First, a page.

Araphe carolina (Herrich-Schaffer) is a little-known species that has been recorded "from North Carolina south to Florida, thence west through Tennessee to Arizona and Baja California" (Halstead, 1972). Froeschner (1944) characterized it as a "scarce species" in recording it from five counties in the Ozark Region of southern Missouri. The purpose of this note is to provide the first records of A. carolina in Illinois and incidentally to provide the first record of any largid bug in the state.


Additional Records Of Michigan Bat Ectoparasites, Steven B. Dood, Allen Kurta 2017 Ohio Environmental Protection Agency

Additional Records Of Michigan Bat Ectoparasites, Steven B. Dood, Allen Kurta

The Great Lakes Entomologist

New Michigan county records for Ischnopsyllidae, Cimicidae, Spinturnicidae, Macro- nyssidae, and Trombiculidae from bats are given along with two new bat/parasite records for the United States.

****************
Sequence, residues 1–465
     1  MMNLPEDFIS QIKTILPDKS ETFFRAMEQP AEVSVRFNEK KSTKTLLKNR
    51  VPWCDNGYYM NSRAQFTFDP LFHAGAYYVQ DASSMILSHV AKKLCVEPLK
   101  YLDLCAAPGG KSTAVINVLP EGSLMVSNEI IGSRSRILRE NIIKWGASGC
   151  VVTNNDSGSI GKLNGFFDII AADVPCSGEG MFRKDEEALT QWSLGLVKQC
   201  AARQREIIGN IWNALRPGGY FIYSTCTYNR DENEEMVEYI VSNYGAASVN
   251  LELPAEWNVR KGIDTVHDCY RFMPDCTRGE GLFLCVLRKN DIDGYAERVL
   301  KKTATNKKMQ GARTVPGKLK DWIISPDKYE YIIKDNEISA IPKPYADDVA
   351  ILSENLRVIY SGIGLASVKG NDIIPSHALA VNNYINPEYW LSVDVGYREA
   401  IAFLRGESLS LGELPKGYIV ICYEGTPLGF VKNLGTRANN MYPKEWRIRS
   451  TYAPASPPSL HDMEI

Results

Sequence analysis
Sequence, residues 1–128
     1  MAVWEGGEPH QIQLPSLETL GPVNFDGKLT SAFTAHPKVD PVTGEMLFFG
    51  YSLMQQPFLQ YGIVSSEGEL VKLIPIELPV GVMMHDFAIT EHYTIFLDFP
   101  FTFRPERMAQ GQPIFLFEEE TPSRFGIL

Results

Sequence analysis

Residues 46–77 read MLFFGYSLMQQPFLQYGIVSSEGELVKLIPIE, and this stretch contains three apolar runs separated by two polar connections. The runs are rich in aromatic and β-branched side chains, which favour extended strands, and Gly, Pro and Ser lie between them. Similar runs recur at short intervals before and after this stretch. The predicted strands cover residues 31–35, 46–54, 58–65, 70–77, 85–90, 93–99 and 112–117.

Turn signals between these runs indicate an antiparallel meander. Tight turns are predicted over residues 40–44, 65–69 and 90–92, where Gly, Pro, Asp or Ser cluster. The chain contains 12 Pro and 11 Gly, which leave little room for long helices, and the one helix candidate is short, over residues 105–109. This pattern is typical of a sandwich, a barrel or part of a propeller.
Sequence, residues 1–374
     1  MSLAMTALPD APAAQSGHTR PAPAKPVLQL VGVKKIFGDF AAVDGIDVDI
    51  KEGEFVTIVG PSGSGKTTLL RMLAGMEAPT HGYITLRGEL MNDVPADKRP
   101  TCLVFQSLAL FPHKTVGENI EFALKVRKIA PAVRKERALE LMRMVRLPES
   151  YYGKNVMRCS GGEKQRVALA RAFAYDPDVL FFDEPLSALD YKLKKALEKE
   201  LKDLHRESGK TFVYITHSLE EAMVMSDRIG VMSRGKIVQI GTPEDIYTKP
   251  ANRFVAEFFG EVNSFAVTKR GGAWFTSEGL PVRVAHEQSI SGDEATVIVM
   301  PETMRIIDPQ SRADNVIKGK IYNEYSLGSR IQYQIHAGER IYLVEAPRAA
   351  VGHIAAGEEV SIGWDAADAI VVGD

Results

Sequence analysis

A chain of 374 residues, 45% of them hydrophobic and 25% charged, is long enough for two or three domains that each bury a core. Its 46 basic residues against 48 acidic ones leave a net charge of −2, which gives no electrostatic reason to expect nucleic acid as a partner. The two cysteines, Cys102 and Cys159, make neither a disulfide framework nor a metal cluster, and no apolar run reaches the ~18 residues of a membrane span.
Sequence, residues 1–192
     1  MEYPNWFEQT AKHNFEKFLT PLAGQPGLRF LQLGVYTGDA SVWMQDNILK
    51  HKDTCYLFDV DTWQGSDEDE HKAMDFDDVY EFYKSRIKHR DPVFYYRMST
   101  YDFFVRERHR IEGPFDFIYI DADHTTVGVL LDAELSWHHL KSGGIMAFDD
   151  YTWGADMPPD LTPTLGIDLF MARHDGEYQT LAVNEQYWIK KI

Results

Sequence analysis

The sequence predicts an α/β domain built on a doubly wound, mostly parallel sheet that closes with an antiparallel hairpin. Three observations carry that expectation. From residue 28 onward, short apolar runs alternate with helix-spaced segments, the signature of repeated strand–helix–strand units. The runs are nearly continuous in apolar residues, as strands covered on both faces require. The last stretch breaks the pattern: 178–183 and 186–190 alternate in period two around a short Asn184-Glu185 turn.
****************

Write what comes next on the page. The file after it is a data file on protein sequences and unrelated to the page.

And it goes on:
Terricolous Spiders (Araneae) Of Insecticide-Treated Spruce-Fir Forests In West-Central Maine, Daniel J. Hilburn, Daniel T. Jennings 2017 University of Maine

Terricolous Spiders (Araneae) Of Insecticide-Treated Spruce-Fir Forests In West-Central Maine, Daniel J. Hilburn, Daniel T. Jennings

The Great Lakes Entomologist

Spiders of 12 families, 42 genera, and at least 62 species were captured in linear-pitfall traps placed in insecticide-treated (Sevin-4-Oil®, Dipel 4L ®, Thuricide 16B®) and untreated spruce-fIr forests of west-central Maine. Species richness per family ranged from 1 (Theridiidae, Araneidae, Salticidae) to 19 (Erigonidae). Most trapped species were web-spinners (67.2%); most trapped individuals were hunters (75.2%). Lycosidae accounted for 66.1 % of all (n = 887) captured spiders. Total trapped spiders varied among insecticide treatments, sampling dates, and study sites. However, comparison of mean prespray and postspray trap catches indicated no significant reduction (ANOVA, ANCOVA, P 0.05) in ...


Biology, Injury, And Control Of The European Needle-Bending Midge (Diptera: Cecidomyiidae) On Scotch Pine In Michigan, Louis F. Wilson, Frank J. Sapio, Gary A. Simmons 2017 USDA Forest Service